The relationship between India and Sri Lanka is more than 2,500 years old. Both countries have a legacy of intellectual, cultural, religious and linguistic interaction. In recent years, the relationship has been marked by close contacts at all levels.
Sri Lanka facing economic crisis:
External shocks and official incompetence are to blame. For Instance, Sri Lankan Government’s faulty policy of introducing organic farming overnight by banning the import of chemical fertilisers in 2021 severely impacted agricultural production.
Inflation is running at more than 50%.
The country doesn’t have enough fuel for essential services like buses, trains and medical vehicles.
It doesn’t have enough foreign currency to import more.
Schools have closed, and people have been asked to work from home to help conserve supplies.
Role of India in the recent crisis in Sri Lanka
India’s bilateral assistance to Sri Lanka to deal with the economic crisis can be divided into two broad categories: 1) assistance to meet the immediate requirements and 2) assisting Sri Lanka in its effort to revive the sectors which got affected due to the global pandemic and foreign reserves crisis.
To meet the immediate requirements, the Government of India has provided food, health and energy security packages as well as foreign reserves support amounting to more than US$ 3.5 billion including a concessional loan of US$ 1 billion to the Government of Sri Lanka.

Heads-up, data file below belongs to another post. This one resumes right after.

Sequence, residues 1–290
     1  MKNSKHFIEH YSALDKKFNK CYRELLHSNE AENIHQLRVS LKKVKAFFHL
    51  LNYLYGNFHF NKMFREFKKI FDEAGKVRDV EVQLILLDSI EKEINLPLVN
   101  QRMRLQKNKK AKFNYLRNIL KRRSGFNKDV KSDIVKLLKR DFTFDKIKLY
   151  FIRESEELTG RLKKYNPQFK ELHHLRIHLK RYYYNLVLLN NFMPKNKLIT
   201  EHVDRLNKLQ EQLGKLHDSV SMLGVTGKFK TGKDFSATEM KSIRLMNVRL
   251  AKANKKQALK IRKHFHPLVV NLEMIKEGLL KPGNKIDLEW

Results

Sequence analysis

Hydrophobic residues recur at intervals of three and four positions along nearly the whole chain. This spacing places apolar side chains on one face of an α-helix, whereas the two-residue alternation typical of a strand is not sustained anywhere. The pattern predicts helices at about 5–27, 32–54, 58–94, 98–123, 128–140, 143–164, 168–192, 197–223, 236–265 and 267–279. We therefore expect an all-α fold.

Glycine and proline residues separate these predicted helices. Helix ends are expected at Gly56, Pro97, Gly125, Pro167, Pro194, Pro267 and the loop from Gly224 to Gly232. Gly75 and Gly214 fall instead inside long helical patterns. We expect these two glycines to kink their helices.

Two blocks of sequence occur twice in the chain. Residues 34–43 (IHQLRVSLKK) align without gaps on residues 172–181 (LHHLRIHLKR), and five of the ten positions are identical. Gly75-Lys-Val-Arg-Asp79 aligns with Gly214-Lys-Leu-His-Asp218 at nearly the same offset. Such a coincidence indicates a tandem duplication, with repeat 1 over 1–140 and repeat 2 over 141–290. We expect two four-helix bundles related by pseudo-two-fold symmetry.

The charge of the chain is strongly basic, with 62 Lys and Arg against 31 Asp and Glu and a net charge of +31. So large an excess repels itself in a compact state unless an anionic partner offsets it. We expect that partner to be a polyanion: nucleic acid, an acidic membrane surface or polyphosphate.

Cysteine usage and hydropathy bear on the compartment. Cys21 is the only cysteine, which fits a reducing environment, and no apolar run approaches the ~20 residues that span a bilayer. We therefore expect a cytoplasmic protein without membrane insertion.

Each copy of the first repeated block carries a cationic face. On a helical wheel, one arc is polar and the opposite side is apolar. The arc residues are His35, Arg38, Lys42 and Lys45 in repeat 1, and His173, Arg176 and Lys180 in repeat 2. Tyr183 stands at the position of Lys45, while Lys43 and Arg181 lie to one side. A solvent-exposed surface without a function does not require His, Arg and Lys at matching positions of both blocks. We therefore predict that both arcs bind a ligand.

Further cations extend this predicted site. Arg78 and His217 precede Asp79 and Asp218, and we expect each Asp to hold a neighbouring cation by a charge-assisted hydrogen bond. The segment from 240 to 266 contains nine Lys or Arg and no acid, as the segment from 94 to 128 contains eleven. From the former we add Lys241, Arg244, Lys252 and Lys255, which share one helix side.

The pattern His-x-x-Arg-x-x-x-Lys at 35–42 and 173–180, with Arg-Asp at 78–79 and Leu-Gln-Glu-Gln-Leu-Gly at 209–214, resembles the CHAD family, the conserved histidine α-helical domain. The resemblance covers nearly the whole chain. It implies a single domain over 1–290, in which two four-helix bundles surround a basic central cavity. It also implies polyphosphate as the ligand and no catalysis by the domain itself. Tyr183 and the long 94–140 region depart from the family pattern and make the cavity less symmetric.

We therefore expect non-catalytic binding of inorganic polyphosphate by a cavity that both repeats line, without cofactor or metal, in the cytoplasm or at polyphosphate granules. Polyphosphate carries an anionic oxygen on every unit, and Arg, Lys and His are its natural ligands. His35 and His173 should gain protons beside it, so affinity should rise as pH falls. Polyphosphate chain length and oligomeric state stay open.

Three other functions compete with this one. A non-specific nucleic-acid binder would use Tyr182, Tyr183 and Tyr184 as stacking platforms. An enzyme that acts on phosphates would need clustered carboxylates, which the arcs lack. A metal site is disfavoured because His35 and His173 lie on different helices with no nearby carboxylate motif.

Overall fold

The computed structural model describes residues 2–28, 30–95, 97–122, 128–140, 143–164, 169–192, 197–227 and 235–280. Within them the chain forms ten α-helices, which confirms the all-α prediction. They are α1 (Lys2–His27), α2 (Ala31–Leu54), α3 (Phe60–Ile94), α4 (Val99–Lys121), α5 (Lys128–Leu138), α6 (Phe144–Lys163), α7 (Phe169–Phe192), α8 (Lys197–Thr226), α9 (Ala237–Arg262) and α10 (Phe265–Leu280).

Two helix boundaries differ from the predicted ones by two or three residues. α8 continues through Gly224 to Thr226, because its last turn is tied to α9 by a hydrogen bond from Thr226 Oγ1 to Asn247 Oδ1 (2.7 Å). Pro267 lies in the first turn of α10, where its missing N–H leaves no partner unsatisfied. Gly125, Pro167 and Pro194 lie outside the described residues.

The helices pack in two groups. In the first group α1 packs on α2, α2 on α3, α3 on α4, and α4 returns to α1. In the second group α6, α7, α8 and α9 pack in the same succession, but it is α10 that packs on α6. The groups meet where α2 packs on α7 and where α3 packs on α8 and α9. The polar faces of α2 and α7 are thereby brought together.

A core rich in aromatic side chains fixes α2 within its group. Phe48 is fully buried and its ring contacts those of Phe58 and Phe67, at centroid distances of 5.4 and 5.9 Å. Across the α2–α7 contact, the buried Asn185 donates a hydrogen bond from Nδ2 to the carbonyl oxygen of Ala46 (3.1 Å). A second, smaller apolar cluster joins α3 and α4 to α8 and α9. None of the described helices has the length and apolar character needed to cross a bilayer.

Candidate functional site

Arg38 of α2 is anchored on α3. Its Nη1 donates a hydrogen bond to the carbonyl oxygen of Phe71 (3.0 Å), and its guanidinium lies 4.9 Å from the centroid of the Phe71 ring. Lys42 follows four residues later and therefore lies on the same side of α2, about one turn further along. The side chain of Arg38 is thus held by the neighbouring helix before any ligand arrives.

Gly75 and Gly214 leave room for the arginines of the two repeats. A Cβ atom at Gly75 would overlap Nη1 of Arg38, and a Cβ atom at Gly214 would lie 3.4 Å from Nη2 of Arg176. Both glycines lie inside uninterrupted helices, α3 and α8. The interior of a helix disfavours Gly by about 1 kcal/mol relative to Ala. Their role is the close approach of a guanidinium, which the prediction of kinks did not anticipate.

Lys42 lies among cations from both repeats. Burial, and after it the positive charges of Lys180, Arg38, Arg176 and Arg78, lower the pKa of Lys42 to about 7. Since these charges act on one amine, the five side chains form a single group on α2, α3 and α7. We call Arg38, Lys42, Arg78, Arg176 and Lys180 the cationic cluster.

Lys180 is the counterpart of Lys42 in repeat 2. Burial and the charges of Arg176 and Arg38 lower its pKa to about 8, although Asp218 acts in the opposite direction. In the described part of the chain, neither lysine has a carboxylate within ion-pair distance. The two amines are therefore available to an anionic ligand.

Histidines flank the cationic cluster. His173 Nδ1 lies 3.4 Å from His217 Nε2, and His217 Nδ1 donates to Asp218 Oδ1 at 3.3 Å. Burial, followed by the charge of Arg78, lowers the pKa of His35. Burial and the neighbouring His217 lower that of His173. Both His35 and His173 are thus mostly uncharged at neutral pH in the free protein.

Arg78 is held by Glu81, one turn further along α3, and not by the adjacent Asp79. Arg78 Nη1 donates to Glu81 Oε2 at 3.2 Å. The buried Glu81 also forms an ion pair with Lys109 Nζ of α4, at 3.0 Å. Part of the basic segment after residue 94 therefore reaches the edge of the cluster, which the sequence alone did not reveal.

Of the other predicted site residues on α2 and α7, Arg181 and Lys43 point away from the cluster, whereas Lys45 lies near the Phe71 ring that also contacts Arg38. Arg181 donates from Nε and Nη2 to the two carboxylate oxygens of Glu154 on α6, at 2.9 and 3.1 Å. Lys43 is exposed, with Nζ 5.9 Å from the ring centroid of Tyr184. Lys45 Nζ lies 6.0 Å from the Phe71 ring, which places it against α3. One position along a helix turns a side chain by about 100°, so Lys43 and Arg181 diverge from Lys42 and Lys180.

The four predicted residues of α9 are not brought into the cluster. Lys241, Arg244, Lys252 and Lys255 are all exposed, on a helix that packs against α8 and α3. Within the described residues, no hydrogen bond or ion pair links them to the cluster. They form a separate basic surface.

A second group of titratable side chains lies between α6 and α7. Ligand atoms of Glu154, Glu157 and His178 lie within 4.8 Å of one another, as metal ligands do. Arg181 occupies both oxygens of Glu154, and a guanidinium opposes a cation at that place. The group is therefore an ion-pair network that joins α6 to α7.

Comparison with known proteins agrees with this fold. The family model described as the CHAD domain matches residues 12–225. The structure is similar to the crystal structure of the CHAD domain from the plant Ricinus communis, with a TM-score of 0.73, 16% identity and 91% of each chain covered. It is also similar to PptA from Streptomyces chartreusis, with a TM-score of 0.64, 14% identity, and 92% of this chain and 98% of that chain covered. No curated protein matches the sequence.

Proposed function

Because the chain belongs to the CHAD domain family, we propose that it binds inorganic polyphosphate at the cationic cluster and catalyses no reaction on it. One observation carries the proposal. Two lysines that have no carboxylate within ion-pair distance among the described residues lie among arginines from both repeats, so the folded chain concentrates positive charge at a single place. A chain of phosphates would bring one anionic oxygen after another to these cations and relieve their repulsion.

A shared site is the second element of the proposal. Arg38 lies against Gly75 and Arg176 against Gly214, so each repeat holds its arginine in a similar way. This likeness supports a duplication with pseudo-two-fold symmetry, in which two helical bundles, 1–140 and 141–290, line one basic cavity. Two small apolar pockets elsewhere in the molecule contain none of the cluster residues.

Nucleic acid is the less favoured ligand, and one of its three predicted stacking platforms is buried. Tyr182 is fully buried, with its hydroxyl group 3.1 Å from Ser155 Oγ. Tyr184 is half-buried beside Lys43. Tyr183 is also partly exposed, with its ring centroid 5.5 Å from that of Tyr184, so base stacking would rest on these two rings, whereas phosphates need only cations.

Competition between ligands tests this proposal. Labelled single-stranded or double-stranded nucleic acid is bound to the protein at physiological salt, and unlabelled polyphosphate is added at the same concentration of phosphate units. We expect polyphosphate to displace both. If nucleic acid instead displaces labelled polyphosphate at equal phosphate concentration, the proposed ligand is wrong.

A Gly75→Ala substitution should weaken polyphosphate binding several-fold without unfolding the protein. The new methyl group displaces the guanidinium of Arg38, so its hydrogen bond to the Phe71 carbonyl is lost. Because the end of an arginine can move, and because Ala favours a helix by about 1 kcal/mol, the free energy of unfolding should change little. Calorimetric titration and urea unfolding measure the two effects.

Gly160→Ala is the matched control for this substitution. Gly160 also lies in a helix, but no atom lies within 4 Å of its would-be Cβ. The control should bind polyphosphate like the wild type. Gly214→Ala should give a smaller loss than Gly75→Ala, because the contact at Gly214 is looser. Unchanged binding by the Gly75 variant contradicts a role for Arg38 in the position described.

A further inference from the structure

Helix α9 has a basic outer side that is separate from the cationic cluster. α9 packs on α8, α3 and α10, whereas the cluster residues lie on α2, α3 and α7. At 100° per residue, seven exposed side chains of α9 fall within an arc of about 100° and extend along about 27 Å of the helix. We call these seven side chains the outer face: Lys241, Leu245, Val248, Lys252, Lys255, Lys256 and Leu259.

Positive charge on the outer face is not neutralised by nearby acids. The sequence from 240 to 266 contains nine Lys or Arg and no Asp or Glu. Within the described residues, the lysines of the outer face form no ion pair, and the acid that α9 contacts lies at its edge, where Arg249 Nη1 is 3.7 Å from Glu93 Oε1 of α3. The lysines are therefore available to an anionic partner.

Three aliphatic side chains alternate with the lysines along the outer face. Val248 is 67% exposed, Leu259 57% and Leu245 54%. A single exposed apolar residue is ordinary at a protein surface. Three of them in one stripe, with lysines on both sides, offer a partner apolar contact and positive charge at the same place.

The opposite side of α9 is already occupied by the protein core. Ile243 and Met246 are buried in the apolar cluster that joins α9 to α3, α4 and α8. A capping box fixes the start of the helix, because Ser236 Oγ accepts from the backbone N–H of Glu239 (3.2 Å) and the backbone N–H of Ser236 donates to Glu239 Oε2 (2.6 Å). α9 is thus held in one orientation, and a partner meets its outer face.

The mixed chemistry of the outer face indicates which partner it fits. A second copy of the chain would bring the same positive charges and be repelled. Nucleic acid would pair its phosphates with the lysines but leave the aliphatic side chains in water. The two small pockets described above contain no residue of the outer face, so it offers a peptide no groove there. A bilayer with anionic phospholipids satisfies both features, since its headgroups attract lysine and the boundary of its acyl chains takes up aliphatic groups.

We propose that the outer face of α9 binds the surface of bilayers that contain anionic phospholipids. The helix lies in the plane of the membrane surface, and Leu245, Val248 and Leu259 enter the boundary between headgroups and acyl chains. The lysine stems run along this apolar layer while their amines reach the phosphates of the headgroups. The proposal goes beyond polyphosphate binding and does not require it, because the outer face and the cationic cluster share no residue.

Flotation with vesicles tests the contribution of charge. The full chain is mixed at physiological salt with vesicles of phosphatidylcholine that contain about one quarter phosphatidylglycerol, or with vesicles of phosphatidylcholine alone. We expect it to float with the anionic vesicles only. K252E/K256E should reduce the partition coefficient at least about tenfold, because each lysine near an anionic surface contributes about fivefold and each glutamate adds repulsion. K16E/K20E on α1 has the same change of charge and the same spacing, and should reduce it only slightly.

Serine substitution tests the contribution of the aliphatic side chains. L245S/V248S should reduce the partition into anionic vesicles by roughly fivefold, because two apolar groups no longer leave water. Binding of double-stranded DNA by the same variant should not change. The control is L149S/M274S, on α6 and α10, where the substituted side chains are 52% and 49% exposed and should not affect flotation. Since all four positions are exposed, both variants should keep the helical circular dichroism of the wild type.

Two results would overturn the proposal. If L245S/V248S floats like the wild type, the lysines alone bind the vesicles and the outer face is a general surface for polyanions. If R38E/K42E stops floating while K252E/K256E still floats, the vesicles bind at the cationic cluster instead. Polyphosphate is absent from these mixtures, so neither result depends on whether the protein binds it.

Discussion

A Line of Credit (LOC) of US$ 500 million for financing purchase of petroleum product such as diesel, petrol and aviation fuel.
In order to support the dwindling foreign reserves, India has extended a currency swap facility of US$ 400 million under the SAARC Currency Swap Framework 2019-22.
Furthermore, a large consignment of drugs and medical supplies was gifted to various hospitals in Sri Lanka responding to the urgent requirement for drugs.
India has committed to assist Sri Lanka in its effort to revive the tourism sector. The establishment of the air bubble arrangement between India and Sri Lanka in April 2021 and the inaugural flight from Sri Lanka to Kushinagar airport in October 2021 are significant developments in this regard.
India must consider granting Sri Lanka a moratorium on debt repayment and/or the option of restructuring the debt owed to it. This will not only help Colombo better allocate its limited revenues toward meeting the immediate needs of the people such as food, medicine, and fuel but also go a long way in building some much-needed goodwill amongst its leadership.
India has played a significant role in the IMF as well as in the regional and plurilateral organisations in encouraging other countries to support Sri Lanka in dealing with the post-COVID normalization of economic activity.
India’s assistance to Sri Lanka is in line with its policy of “neighbourhood first” and vision for “Security and Growth for All (SAGAR).” These twin principles underline India’s emphasis on emerging as a first respondent as well as working in collaboration with other countries to meet the requirements of neighbouring countries in the Region.
The Sri Lankan crisis is not just a domestic problem. It has a spill-over effect on India and other countries in the region too. Hence India has adopted a multi-pronged approach to the Sri Lankan crisis not just to provide immediate assistance, but also to help the country in reviving the economy and stability.